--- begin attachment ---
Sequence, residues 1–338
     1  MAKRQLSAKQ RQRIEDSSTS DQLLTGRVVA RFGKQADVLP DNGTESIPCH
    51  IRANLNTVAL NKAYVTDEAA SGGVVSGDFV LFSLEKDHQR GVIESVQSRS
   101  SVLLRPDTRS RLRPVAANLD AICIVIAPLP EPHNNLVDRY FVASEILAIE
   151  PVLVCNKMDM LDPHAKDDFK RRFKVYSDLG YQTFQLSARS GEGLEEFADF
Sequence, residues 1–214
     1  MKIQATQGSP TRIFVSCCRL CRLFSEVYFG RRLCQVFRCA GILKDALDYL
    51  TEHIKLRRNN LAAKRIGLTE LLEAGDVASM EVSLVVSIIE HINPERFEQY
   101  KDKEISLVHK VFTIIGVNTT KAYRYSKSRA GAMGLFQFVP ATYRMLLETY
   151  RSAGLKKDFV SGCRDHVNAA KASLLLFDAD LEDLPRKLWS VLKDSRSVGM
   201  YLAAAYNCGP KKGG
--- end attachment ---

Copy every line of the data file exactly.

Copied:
Sequence, residues 1–338
     1  MAKRQLSAKQ RQRIEDSSTS DQLLTGRVVA RFGKQADVLP DNGTESIPCH
    51  IRANLNTVAL NKAYVTDEAA SGGVVSGDFV LFSLEKDHQR GVIESVQSRS
   101  SVLLRPDTRS RLRPVAANLD AICIVIAPLP EPHNNLVDRY FVASEILAIE
   151  PVLVCNKMDM LDPHAKDDFK RRFKVYSDLG YQTFQLSARS GEGLEEFADF
Sequence, residues 1–214
     1  MKIQATQGSP TRIFVSCCRL CRLFSEVYFG RRLCQVFRCA GILKDALDYL
    51  TEHIKLRRNN LAAKRIGLTE LLEAGDVASM EVSLVVSIIE HINPERFEQY
   101  KDKEISLVHK VFTIIGVNTT KAYRYSKSRA GAMGLFQFVP ATYRMLLETY
   151  RSAGLKKDFV SGCRDHVNAA KASLLLFDAD LEDLPRKLWS VLKDSRSVGM
   201  YLAAAYNCGP KKGG